'We look after each other and his mates have been strong for him'
London Irish head coach Les Kiss has shed light on the growing influence of ex-Ireland out-half Paddy Jackson in recent years at the Gallagher Premiership club. The career of the now 30-year-old half-back was at a crossroads four years ago when the IRFU terminated his contract at Ulster just months after Kiss himself had departed his director of rugby role at the province.
Kiss soon linked up with Declan Kidney, his old Ireland Grand Slam boss, to take over at London Irish in March 2018 at the tail end of a season in which the club was relegated from the top flight. In the meantime, Jackson headed to France to continue his career at Perpignan before he took up an offer from London Irish to join them in the summer of 2019 following their return to the Premiership after a single season in the second tier of English rugby.
Under the director of rugby Kidney and head coach Kiss, Jackson has since become one of the most consistent performers in the Premiership and this season – his third at the now Brentford-based club – has been his most industrious yet as London Irish have challenged to make the end-of-season playoffs in the league while also progressing to the Challenge Cup quarter-finals where they travel to Toulon this Sunday.
Along the way, Jackson has started a whopping 22 Premiership games for Irish this season, a number up from 19 last season and 13 in his first season at the club. He was deployed on a number of occasions during that first Premiership campaign as the starting full-back but has since made the No10 jersey his own in the past two seasons, a development that has greatly pleased Kiss.
“He has done well,” said Kiss when asked by RugbyPass about the influence Jackson now wields at Irish. “We are a good team, we look after each other and his mates have been strong for him. He has grown with that and they have got a lot of respect for him and he respects what they do for him.
“When I was with Deccie (before) we brought him into the international team (in 2012/13) with Ireland. He has always been a sort of mature lad but what he has is more understanding about how the whole pack and the backline work together now. Early on you are a player who plays with your backline. Now he knows how to play with his forward pack a lot better, put them on the front foot a bit more, knows how to play with his outside men a bit better. He knows how to demand the communications that he requires.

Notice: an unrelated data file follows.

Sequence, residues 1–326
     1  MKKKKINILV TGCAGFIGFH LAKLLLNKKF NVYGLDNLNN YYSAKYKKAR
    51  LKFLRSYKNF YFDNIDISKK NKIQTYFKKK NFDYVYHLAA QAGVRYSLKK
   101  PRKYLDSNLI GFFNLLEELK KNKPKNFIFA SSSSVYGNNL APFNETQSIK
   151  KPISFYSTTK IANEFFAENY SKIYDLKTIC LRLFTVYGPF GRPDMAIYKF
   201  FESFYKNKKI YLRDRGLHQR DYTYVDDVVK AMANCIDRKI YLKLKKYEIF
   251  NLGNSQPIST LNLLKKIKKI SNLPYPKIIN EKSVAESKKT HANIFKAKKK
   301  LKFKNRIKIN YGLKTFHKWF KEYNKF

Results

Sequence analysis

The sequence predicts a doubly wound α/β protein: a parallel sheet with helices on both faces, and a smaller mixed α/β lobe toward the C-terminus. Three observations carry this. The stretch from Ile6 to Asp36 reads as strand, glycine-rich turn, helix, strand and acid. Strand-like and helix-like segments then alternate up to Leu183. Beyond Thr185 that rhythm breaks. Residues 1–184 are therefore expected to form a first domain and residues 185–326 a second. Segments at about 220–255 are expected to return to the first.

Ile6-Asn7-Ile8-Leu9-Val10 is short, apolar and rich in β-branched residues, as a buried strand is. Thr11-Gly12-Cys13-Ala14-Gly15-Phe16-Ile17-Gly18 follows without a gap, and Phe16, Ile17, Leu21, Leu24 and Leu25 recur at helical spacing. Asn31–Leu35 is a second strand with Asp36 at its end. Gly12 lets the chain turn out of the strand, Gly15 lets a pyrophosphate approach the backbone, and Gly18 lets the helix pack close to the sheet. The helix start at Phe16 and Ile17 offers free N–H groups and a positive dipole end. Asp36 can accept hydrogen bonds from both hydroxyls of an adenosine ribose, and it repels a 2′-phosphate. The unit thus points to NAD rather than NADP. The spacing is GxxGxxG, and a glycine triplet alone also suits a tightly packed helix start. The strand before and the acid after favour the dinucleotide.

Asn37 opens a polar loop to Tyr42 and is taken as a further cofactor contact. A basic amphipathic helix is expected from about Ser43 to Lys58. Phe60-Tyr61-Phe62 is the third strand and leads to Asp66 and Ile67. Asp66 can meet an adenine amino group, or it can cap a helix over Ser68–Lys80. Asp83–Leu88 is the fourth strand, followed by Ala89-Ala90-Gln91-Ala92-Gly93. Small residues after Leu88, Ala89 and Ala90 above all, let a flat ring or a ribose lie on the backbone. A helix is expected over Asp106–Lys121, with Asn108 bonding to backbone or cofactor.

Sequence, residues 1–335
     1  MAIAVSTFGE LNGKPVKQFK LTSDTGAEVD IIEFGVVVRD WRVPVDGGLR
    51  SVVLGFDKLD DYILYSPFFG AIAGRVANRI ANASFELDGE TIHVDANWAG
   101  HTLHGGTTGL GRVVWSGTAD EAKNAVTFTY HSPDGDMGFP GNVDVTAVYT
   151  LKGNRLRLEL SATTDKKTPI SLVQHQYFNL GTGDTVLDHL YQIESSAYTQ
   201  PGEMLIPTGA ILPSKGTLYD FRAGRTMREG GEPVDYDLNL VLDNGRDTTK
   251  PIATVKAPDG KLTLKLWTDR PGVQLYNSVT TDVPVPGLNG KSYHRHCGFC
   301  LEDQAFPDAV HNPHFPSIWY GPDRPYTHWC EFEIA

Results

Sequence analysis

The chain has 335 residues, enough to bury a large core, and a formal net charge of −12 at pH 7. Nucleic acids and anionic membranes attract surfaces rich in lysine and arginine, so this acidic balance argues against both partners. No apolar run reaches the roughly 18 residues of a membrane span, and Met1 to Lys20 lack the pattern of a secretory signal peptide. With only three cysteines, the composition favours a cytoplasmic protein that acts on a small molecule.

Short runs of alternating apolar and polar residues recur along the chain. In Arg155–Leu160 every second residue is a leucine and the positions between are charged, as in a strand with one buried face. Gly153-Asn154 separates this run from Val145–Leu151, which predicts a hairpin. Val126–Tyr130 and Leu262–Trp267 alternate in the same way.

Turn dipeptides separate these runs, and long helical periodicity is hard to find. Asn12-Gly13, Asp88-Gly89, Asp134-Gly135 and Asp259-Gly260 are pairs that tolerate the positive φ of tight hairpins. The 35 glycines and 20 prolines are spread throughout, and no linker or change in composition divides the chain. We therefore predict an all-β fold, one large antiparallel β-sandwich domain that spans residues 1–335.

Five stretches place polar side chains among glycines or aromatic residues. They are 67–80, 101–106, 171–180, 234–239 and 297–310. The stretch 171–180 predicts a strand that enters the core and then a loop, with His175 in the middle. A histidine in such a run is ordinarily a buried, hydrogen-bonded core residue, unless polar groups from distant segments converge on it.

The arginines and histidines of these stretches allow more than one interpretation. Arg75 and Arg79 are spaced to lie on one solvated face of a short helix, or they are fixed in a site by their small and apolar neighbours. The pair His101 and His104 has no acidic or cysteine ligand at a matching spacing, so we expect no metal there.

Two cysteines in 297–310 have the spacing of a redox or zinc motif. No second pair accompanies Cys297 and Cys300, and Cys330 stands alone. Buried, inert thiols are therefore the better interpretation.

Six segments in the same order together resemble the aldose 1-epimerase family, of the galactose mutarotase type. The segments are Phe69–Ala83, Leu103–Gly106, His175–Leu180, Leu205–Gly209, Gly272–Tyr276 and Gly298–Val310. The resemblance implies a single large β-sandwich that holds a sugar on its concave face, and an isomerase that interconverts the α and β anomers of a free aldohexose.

“He is more a general now whereas before he used to just be good and play with the parts that were made for him. Now he sort of designs the parts around him. He has really grown to understand how he can be a good general.
“There is an art, a craft to be able to say work hard forwards but I will look after you as well if you know what I mean. Backs, I need you to be stretching the opposition and have a work rate that I can work with and they will do it because there is a great trust. He has got a great way of being able to put that across now in terms of how we play our game.”
It is widely accepted in Premiership circles that Jackson is at the top of his game with Irish but Kiss reckons there is even better to come. “He is still not fully satisfied, Paddy, but the fact that he has seen the team grow to a point at any given time if he starts pulling plays that he can create some magic around the edges and put people away.
“He has enjoyed the fact that our game is fluent and it’s I don’t want to say it is a flair-based game because we are about going forward first but I think he has enjoyed the fact that he has been able to play with space a lot more easily than he would have been in the past.”
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